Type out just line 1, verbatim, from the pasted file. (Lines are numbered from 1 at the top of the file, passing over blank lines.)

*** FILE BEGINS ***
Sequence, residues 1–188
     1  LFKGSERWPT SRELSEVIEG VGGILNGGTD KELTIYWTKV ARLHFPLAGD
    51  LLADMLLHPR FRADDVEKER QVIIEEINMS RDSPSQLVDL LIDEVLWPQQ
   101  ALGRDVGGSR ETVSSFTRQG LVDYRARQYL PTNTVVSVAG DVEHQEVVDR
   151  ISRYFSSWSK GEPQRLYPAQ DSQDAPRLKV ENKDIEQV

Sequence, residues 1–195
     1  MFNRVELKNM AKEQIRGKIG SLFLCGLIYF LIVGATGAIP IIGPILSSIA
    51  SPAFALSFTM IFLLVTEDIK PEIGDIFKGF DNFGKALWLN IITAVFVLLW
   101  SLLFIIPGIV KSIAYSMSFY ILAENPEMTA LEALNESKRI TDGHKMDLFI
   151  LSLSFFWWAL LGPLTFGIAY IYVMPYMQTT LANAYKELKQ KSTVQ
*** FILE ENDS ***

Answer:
Sequence, residues 1–188